The lessons to be drawn for the UK from Greenland’s experiences of withdrawing from the EU are limited, says Vesterbirk – the two territories are so different as to be beyond comparison. Back in 1982, Greenland’s population was only slightly over 50,000, compared to the UK’s 64 million, and its economic importance was equally tiny. European integration was also far less advanced at the time and Greenland’s secession deal revolved almost exclusively around fishing rights, with the fishing industry making up 90 percent of the Greenlandic economy.

We spent a lot of time convincing the EU that of course you can leave – the EU is not a prison”

Still, Vesterbirk sees some core beliefs of EU member states as unchanged and likely to affect the UK’s negotiations. “You ask for membership – you don’t then leave. That’s the attitude of most of the EU members,” he says. “Another fundamental ideology is simply that the advantages of membership are for members, not for those standing on the outside.”

For Vesterbirk, who was negotiating some 25 years before the Lisbon Treaty of 2007 introduced formal procedures for exiting the EU, these core beliefs made for much lengthier and more frustrating negotiations than he had expected. “It was intense. The atmosphere between us and the member states wasn’t good,” he says. “We spent a lot of time convincing the EU that of course you can leave – the EU is not a prison.”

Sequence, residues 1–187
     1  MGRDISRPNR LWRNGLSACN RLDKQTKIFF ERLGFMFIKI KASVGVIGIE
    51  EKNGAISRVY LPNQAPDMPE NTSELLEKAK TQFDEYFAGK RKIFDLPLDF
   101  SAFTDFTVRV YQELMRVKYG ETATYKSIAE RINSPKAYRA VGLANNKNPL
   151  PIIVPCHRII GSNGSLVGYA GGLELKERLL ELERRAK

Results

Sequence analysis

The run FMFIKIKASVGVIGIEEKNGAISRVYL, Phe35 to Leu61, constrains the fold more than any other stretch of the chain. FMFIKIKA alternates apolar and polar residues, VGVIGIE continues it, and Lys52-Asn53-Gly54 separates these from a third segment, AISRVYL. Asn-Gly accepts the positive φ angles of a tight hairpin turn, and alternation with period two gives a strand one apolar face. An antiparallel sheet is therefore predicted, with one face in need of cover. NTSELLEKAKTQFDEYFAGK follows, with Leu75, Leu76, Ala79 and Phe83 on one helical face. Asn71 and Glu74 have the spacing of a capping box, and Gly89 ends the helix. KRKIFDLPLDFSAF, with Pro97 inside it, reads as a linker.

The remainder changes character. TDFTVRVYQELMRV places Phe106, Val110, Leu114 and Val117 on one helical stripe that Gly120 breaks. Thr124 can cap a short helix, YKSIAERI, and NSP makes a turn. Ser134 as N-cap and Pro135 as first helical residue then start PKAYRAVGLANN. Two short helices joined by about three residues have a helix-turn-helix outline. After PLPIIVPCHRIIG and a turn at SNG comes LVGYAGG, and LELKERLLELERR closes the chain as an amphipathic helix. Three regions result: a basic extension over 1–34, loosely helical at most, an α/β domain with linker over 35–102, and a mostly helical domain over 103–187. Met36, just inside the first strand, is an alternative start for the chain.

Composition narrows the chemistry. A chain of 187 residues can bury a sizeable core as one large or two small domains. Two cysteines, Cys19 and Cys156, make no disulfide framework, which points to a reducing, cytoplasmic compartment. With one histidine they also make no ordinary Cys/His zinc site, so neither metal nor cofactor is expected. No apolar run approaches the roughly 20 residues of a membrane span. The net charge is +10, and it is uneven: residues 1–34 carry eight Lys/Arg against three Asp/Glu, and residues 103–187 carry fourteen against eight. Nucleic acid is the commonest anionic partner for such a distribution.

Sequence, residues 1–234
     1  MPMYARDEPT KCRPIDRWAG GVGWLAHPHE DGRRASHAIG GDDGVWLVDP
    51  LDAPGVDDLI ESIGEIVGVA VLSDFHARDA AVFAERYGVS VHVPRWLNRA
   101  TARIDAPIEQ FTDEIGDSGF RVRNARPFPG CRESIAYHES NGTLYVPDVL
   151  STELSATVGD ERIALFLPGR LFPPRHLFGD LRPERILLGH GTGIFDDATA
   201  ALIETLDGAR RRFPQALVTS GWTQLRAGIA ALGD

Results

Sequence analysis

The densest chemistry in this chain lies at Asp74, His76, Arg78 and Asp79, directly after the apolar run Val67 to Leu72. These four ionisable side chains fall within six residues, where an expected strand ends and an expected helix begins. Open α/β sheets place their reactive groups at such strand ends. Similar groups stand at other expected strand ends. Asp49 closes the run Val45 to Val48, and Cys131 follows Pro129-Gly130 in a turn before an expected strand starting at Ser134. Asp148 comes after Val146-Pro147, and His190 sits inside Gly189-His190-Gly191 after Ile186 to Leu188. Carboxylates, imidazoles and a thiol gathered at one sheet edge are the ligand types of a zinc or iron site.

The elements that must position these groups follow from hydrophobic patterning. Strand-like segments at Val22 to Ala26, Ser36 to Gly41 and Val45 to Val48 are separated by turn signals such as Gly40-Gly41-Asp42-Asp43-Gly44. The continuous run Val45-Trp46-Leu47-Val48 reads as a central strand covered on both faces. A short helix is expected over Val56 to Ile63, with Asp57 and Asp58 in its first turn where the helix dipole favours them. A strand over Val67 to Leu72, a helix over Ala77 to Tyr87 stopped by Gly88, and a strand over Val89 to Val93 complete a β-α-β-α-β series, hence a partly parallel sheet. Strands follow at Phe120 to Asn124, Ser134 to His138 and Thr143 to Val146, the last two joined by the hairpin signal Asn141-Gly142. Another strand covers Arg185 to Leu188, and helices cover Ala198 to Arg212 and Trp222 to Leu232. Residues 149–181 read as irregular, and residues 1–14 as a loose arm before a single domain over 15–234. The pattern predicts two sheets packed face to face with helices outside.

Part of member states’ reluctance to accept Greenland’s decision to leave came from their own internal concerns. “Italy feared that Sicily would do the same, and France was not too happy,” Vesterbirk says. It led to two years of travelling around the continent for discussions with stubborn member states which mainly ended in stalemate, punctuated by only the occasional glimmer of hope.

“There was a meeting with the Italian minister for Europe in Rome,” Vesterbirk says, recalling one such victory. “He simply wasn’t willing to give us anything; [he was] not accepting the referendum’s legitimacy. When [Greenland’s prime minister] Jonathan Motzfeldt finally lost his patience, he said: ‘OK, Mr Fiori, I don’t have any more time for you because I have to go and see the Pope.’ Three days later we got Italy’s approval. We had never thought that a visit to the Pope would have such an influence – we didn’t know that he had anything to do with fishing rights.”